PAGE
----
1904 $1 MS66 Certification #-9255, PCGS #7290
The 1904 Morgan Dollar presents a real challenge for the collector because of the general poor quality of the coins from this year. This defect has been known for decades (for example, in 1992, Dollar expert Dean Howe wrote: "...the 1904-P is among the worst coins produced at the Philadelphia Mint. Most 1904-P dollars have a subdued gray luster that is often dull and unattractive..."). Certainly, there are plenty of Mint State examples to go around. However, the real challenge is to find a nice-looking one.
Because of the poor quality of coins from this year, it should come as no surprise that Prooflike 1904 Dollars are very scarce. Even more rare are the Deep Mirror Prooflike versions, all of which are tremendous condition rarities.
Q. David BowersThe following narrative, with minor editing, is from my "Silver Dollars & Trade Dollars of the United States: A Complete Encyclopedia" (Wolfeboro, NH: Bowers and Merena Galleries, Inc., 1993).
Hoard coins: Quantities of 1904 dollars dribbled onto the market in the 1941-1942 years, in the 1950s, and again in the early 1960s, but, apparently, there was no major release at any specific time. Quantity offerings by dealers were few and far between. The issue fell between the cracks, so to speak, and little attention was paid to it.
A very mediocre bag of 1904 dollars entered the market early in 1979; Wayne Miller examined nearly 300 pieces from the lot, found no gems, and noted this:
The dealer-owner pushed bid levels from less than $500 up to $2,000 but sold only a few coins at ever-larger discounts from bid. The bulk of the lot was finally disposed of at $250 per coin at the June 1980 Long Beach coin show to a large New England coin company.
Circulated grades: In worn grades the 1904 is relatively common, not among the most common Morgan dollars, however.
Mint State grades: In lower levels of Mint State the 1904 is plentiful. In MS-64 it is scarce, and at the MS-65 level it is rare. Estimates follow: MS-60 to 62, 60,000 to 120,000 coins; MS-63, 15,000 to 30,000; MS-64, 4,000 to 8,000; and MS-65, only 350 to 700.
The typically encountered 1904 dollar will win no awards for quality. Many have indifferent lustre, and the striking is apt to be average (even after allowing for the normal feathers on the C-4 reverse). The majority of pieces are in lower grade levels such as MS-60, 61, and 62.
There are, however, exceptions, and in the 1980s Bowers and Merena Galleries handled a group of several dozen beautifully toned MS-65 coins, well struck and lustrous, that had probably been obtained by application to the Mint in the time of issue. So far as I know, these have not been certified since. In full MS-65, sharply struck, the 1904 is among the most elusive dollars in the Morgan series.
Prooflike coins: The 1904 is very rare PL and extremely rare DMPL, but the contrast is poor, and many have dull gray surfaces. Because of this, the demand is not great. Most are in lower grades.
NEW REVERSE HUB: WIDE NECK/WING
SPACE, LARGE STARS VAM C-4 REVERSE
1. Breen-5700. Most Uncirculateds are dull and nicked; gems are few, prooflikes very few, DMPLs extremely rare. Varieties of circulation strikes are not notable. VAM-1A has a tiny area of die pitting at D of DOLLAR on the reverse. VAMÂ·5 has a slightly doubled profile to Miss Liberty.
Dies prepared: Obverse: Unknown; Reverse: Unknown.
Circulation strike mintage: 2,788,000; Delivery figures by month: January: 2,200,000; February: 66,000; March-May: none; June: 522,000; July-December: none.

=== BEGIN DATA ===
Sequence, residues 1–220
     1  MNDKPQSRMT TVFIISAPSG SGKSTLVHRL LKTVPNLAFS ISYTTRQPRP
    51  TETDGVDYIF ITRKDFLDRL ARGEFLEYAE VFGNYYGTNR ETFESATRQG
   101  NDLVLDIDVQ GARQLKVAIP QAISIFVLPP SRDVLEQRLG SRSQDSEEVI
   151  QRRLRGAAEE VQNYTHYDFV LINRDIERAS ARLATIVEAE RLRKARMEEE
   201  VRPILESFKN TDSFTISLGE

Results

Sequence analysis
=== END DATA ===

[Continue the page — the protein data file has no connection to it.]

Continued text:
Estimated quantity melted: Probably about 2,500,000, with possibly half under the 1918 Pittman Act and the others, including worn coins, as part of later melts.
Availability of prooflike coins: Prooflike coins are very rare, but most have low contrast and are not attractive. DMPL coins are exceedingly rare. Most are in low grades.
Characteristics of striking: Poor to average strikes are the norm, but better strikes exist and are rare.
Known hoards of Mint State coins: Several bags were released by the Treasury in the 1950s and in 1962-1964; a bag of low-quality pieces was distributed from a private holding in 1979.
Mint Report Notes
The Annual Report of the Director of the Mint, 1904, noted the following:
"The exhaustion of the stock of silver bullion purchased under the Act of July 14, 1890, and the consequent discontinuance of silver dollar coinage, has necessitated a large reduction of the force of the New Orleans Mint, which was chiefly employed upon silver. The number of employees in that institution was 219 in February 1904, but in June had been reduced to 97, and has been still further reduced since."
Coinage figures of Morgan dollars under various acts were given, as of June 30, 1904:
Feb. 28,1878 (Bland-Allison Act) $378,166,793; from July 14, 1890, to repeal of the purchasing clause of the Sherman Act, Oct. 31, 1893, $36,087,285; from Nov. 1, 1893, to June 12,1898 $42,139,872; Coined under the War-Revenue Bill approved June 12, 1898, $108,799,878; total under Act of July 14,1890, $187,027,035; Mar. 3,1891 (recoinage of trade dollars) $5,078,472; Total $570,272,300.
At the end of fiscal year that ended June 30, 1904, 570,272,300 silver dollars had been coined since 1878. Of these, 461,138,698 were being held by the Treasury against silver certificates, 35,343,055 were being held by the Treasury in excess of the silver certificate requirements, and 73,790,547 were in circulation.
Distribution of Dollars
The Annual Report of the Director of the Mint, 1904, told of the distribution of dollars: Philadelphia: In the mint June 30, 1903, $102,413,954; transferred from subtreasuries to mints for storage, 2,100,000; coinage, fiscal year 1904, 2,986,650; total, 107,500,604; transferred from mint to subtreasuries, 80,000; in mint June 30, 1904, 107,115,954; total, 107,195,954; distributed from mint during the year, 304,650.